Pharaonic Egypt knew how to create types of animals to such a degree of personalization that anyone recognize the forms of an Egyptian cat. Standing in observation on its back paws, the animal is "caught" by the sculptor with such vivacity that one could believe it is about to come to life.
It would seem that the domestic cat, called "myeou" according to the international onomatopoeia, was imported into Egypt only around the year 2100 B.C.. Made divine, the female cat represented the goddess Bastet, calm and pleasing, disciplined after the god's wrath. Tamed lioness, she became a gracious feline.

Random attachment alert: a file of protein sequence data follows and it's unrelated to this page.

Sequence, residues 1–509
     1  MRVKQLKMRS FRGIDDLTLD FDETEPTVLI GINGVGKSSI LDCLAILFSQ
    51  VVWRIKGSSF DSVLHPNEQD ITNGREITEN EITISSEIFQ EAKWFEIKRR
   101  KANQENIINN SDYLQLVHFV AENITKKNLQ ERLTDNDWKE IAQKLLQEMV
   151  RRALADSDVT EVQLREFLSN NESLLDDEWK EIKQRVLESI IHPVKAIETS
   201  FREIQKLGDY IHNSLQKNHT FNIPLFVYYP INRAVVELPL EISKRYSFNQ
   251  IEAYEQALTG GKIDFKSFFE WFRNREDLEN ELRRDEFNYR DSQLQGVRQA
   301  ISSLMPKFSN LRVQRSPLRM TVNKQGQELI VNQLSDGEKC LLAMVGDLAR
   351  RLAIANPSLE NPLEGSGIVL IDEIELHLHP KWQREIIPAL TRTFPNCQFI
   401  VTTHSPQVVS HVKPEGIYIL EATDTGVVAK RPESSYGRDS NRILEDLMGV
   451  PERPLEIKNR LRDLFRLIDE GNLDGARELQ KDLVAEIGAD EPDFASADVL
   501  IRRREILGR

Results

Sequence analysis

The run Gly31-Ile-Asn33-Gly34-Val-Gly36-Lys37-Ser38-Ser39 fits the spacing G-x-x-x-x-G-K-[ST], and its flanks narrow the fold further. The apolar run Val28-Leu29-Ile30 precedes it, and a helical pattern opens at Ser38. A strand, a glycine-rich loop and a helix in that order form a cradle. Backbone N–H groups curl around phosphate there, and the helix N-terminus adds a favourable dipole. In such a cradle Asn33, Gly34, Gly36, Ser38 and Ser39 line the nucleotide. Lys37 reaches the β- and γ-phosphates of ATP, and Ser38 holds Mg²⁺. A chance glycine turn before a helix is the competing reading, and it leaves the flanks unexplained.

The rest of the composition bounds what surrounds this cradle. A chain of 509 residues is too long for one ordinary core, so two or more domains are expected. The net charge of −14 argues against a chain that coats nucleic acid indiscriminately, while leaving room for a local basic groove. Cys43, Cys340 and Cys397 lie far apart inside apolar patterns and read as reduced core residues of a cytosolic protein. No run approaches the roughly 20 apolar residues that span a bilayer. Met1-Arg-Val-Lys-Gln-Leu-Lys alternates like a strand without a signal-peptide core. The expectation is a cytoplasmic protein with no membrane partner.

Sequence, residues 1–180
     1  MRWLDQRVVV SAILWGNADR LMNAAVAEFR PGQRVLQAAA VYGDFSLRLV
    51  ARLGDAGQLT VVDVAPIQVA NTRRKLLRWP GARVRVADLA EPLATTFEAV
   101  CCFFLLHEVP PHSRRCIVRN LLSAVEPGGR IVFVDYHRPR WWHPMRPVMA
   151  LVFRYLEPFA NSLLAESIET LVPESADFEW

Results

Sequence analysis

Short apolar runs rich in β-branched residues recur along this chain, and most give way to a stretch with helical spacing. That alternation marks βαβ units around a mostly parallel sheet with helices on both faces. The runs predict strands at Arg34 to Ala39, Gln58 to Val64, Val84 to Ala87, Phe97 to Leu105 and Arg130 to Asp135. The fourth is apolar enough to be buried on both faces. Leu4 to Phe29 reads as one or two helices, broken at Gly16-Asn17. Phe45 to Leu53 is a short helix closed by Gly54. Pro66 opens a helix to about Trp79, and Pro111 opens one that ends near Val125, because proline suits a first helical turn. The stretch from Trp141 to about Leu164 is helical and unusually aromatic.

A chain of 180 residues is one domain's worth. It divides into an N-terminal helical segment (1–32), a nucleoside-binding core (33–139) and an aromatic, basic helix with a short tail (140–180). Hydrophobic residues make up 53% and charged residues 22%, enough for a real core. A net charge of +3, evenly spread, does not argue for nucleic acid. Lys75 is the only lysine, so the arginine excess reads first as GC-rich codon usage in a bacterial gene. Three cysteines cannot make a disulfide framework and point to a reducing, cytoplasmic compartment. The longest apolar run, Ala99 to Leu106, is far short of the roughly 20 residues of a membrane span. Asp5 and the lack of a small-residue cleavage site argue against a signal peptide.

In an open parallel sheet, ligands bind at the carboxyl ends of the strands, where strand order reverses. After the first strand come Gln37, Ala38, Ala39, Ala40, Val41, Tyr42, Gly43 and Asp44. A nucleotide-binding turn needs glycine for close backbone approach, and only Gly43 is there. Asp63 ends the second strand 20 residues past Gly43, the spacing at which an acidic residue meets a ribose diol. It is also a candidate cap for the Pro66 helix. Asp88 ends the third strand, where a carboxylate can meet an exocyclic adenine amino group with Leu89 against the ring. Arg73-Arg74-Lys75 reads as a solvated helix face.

Thousands of effigies, placed as ex-voto by believers wanting to attract its elements of goodness, were discovered in the pit of her sanctuary. According to some scholars, the cat would have been introduced from Egypt into Europe, and our authentic alley cats would in fact be of Egyptian by descent.
Reproduction in bronze with patina
- H. 19,5 L. 14 P. 8 cm - 3,130 kg
H. 7.68" W. 5.51" D. 3.15" - 6.90 lbs
- Material of the original
- 7-6th century B.C.
- Paris - Musée du Louvre
- Animals, Egypt, Cats
- Art movement
- Egyptian Antiquities